A positive mindset can be cultivated if anyone wants to. But it’s easier said than done. It would take a very strong commitment and determination for it to happen. It will entail hard work. The rewards people with a positive mindset are reaping are not being handed to them in a silver platter. Those are the fruits of the seeds of hard work they have sown.
Dr. Carol S. Dweck, a Stanford psychologist, made a comprehensive study of mindset. Dr. Dweck coined the words “fixed mindset” and “growth mindset.” She explained that “In a fixed mindset students [people] believe that their abilities, their intelligence, their talents, are just fixed traits. In a growth mindset, students [people] understand that their talents and abilities can be developed through effort, good teaching, and persistence.”
We need to make a choice between having a “fixed mindset” or a “growth mindset.”
Learning is a lifelong process. We should never stop acquiring the knowledge, skills, attitude, and values we need.
We never cease to be students. But which kind of student are we – the one with a fixed mindset or with a growth mindset?”
As explained by Dr. Dweck, because people with a “fixed mindset” believe that intelligence and other human traits are static, they avoid challenges, give up easily, and see the exertion of extra efforts as fruitless and futile. Conversely, people with a “growth mindset” are convinced that human intelligence and other traits can be developed which would lead them to embrace challenges, persist in the face of setbacks, and see effort as the path to mastery. People with a “fixed mindset” ignore useful negative feedback and feel threatened by the success of others while those with a “growth mindset” learn from criticism and find lessons and inspiration in the success of others.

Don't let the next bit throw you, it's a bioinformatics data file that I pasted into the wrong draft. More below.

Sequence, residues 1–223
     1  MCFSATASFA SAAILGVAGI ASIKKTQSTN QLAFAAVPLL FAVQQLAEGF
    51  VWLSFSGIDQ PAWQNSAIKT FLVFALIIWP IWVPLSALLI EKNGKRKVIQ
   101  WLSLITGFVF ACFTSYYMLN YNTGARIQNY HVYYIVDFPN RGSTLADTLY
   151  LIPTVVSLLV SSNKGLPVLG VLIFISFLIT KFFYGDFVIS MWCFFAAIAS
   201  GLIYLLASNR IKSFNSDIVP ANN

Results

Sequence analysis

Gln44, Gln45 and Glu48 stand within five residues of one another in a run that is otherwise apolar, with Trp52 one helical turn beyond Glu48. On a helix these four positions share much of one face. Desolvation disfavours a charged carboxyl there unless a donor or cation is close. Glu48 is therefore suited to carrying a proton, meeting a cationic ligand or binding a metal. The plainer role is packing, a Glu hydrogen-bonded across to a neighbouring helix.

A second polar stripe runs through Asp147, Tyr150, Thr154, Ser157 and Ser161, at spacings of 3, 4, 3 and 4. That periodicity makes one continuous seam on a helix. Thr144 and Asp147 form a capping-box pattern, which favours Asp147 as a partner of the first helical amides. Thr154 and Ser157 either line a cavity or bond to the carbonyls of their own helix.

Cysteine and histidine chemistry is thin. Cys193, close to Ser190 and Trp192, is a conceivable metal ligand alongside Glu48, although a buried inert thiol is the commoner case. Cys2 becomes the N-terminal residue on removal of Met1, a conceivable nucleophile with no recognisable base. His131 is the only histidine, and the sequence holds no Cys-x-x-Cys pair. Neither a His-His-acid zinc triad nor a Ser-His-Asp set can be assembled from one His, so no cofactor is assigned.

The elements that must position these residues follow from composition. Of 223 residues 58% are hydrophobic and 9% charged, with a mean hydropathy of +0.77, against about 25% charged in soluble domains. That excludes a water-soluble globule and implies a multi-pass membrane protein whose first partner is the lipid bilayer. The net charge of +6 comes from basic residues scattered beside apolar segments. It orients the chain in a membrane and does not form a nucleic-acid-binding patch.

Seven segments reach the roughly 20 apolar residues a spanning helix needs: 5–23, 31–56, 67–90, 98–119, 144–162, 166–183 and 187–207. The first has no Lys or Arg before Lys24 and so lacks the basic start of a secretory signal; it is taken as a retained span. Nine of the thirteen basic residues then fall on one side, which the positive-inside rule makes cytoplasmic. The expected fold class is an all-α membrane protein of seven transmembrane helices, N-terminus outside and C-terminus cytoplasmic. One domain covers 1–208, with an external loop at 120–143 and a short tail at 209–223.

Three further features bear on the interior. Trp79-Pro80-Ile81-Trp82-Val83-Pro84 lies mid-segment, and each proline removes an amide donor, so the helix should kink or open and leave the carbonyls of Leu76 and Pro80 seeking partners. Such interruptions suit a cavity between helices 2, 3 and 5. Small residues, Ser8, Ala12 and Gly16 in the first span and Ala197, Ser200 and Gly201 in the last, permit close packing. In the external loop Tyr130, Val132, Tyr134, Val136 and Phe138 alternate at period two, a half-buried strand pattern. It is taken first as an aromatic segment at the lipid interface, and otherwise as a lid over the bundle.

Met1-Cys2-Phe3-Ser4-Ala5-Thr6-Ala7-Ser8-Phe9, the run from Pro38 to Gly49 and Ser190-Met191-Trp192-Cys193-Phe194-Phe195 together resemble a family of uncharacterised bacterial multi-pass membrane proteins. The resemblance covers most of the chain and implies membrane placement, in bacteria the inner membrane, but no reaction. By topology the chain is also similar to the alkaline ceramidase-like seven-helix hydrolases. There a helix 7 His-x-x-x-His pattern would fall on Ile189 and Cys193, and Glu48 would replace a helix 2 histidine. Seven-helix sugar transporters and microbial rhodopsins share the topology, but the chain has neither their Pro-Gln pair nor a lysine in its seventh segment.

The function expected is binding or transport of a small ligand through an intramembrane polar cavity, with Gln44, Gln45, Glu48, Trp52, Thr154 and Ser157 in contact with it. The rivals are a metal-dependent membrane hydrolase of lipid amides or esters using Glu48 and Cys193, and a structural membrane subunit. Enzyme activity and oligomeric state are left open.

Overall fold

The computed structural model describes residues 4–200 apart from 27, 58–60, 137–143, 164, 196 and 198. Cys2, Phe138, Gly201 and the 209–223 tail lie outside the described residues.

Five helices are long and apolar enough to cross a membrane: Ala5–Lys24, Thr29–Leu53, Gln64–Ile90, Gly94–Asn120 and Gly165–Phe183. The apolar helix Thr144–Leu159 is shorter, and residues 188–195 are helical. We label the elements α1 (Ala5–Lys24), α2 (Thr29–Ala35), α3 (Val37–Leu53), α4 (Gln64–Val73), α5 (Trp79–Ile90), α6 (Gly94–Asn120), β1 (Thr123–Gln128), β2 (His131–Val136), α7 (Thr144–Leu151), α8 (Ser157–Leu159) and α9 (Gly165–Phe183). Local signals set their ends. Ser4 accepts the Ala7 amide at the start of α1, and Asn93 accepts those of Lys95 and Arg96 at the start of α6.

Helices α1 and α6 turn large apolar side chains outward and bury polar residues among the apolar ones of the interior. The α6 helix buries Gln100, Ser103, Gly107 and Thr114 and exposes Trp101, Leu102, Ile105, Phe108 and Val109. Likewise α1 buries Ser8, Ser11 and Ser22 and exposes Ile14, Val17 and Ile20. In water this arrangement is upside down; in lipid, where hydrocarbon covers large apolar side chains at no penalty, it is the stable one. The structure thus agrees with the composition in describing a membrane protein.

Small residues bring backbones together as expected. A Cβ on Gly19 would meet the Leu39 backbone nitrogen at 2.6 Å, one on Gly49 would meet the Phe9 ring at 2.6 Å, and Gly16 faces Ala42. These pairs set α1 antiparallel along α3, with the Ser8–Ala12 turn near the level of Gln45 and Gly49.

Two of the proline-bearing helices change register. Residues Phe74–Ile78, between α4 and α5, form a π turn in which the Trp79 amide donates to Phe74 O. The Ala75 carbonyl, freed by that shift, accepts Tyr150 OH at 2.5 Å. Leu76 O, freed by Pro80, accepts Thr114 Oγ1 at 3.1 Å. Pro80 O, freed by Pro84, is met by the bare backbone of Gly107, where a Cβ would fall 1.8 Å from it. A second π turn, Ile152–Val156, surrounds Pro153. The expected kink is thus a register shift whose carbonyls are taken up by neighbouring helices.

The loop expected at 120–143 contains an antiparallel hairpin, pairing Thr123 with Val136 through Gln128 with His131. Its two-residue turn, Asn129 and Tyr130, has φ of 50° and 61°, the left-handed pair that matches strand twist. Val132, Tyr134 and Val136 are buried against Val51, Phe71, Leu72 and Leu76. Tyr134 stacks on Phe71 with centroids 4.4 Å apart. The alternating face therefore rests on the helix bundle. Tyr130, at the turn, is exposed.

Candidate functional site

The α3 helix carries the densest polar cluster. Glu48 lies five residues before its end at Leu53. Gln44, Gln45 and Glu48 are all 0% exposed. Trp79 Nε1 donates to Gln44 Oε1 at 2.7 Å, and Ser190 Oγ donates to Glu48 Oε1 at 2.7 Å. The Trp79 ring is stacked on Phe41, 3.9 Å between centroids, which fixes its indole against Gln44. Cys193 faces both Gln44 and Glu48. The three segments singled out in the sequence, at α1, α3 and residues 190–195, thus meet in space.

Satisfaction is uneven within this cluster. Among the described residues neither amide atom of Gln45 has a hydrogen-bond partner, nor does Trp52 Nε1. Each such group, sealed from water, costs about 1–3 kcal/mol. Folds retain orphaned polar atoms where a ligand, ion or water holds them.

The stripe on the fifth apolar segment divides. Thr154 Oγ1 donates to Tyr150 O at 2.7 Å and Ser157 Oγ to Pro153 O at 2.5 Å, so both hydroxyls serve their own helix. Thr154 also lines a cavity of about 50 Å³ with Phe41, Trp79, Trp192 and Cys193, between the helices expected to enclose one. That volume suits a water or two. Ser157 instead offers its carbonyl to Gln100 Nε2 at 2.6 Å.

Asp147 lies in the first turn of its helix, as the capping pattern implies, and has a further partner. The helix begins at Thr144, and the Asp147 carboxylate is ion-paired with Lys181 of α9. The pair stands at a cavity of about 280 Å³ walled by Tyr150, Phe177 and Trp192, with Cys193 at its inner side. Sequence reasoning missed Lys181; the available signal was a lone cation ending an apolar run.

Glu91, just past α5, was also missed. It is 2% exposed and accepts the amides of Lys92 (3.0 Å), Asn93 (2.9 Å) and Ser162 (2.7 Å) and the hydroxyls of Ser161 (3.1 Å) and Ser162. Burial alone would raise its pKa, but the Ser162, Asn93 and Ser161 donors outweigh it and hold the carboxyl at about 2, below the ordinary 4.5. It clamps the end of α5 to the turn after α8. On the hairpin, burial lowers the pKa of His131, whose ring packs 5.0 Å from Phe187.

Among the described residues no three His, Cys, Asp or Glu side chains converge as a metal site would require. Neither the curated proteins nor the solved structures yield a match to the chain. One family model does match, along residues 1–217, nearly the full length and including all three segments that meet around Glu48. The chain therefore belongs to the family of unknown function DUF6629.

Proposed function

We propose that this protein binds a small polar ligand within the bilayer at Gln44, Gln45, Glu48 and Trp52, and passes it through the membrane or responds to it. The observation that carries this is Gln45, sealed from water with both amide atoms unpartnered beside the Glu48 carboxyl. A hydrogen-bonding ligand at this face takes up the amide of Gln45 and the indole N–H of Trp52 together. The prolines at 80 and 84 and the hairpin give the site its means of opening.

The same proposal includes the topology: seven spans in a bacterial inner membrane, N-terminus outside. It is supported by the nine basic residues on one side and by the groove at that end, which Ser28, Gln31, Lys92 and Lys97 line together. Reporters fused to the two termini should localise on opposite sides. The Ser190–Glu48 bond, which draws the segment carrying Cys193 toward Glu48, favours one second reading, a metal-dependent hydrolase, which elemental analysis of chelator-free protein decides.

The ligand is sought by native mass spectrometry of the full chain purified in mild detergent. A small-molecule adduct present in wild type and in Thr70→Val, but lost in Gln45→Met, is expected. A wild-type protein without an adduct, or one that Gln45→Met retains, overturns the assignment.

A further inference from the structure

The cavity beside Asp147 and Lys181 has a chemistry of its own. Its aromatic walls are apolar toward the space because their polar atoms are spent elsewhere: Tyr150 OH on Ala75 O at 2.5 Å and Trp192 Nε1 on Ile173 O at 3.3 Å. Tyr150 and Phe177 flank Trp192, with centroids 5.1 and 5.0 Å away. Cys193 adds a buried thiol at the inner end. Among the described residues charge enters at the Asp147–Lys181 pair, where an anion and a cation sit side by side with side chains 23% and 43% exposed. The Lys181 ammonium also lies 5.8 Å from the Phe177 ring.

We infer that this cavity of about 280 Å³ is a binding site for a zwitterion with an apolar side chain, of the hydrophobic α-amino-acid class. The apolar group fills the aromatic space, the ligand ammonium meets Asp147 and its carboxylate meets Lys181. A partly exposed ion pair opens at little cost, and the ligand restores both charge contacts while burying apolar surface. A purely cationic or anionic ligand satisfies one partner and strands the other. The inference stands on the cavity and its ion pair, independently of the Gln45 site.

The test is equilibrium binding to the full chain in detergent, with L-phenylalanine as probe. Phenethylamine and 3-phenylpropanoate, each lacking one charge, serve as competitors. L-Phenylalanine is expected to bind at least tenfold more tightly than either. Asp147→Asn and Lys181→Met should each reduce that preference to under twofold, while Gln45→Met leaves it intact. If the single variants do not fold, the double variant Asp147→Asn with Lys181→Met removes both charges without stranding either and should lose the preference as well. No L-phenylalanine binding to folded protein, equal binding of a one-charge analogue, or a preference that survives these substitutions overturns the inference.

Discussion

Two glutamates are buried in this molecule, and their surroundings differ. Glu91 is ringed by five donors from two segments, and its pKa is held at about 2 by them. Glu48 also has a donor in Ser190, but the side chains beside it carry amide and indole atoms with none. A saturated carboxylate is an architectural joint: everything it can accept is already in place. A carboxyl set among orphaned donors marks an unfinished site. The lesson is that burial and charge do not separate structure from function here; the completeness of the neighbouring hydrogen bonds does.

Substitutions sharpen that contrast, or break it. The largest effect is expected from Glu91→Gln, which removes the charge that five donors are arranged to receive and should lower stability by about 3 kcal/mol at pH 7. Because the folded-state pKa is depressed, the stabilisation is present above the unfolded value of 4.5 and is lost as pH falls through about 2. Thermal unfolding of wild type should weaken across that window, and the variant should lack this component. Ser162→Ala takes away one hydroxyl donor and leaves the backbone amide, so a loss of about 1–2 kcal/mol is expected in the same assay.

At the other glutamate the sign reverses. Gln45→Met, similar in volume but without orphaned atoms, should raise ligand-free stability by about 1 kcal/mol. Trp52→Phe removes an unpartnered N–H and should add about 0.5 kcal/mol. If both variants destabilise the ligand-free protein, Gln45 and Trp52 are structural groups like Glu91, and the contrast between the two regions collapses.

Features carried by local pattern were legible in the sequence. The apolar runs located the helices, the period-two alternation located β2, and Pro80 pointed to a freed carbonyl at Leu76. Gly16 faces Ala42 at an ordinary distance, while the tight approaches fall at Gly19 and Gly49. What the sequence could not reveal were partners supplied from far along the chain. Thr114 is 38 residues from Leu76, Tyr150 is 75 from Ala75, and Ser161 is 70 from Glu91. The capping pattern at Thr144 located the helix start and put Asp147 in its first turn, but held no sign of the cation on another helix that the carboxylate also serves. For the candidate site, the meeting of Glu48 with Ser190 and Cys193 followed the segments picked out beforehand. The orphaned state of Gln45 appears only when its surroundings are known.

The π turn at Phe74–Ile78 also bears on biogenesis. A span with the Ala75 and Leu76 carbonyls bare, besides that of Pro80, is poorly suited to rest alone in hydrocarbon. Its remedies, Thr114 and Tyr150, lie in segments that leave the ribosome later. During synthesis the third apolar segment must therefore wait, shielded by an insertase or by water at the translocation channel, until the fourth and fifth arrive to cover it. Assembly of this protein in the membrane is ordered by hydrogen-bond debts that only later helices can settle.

It’s time to evaluate which of the two mindsets you possess. Whether you change it or not is a decision only you can make.
I have been trying to cultivate a positive mindset. It is an ongoing process and I am happy with the results. How I wish I have started doing this when I was younger.
My journey to changing my mindset for the better was not easy. It made me completely overhaul my way of thinking that was programmed by the environment I have grown into and the kind of education and experiences I had. It is equivalent to getting out of my comfort zone because I have to change the habits and routines that I got accustomed to. But it’s worth a try.
I gathered in this part of my website the essays I have written about personal growth and development. I want to share the lessons and insights I learned from motivational speakers whose books (and videos on YouTube) have given me the blueprint on how best I could restructure my way of thinking so I could make better decisions in the different areas of my life.
I have been experiencing amazing changes in my life that I started regretting why didn’t I dig into these personal development stuffs when I was younger. I have heard a lot about “positive thinking” and related ideas before but I did not pay attention. But as the saying goes, “better late than never.”
I came to realize that “positive thinking” is but the first step in a person’s journey to a better self and a better life. It’s not the be-all-end-all of personal growth and development. But it all begins in setting a positive mindset. Positive actions should follow. People are in a better position to succeed when they break free from limiting beliefs and debilitating attitudes.
My goal in writing these essays and have them put together in this corner of my website is to help promote awareness on personal growth and development. I am not (yet) an expert in this field. I just want to share the little things I have learned so far and to say that I am so happy with the results I am getting.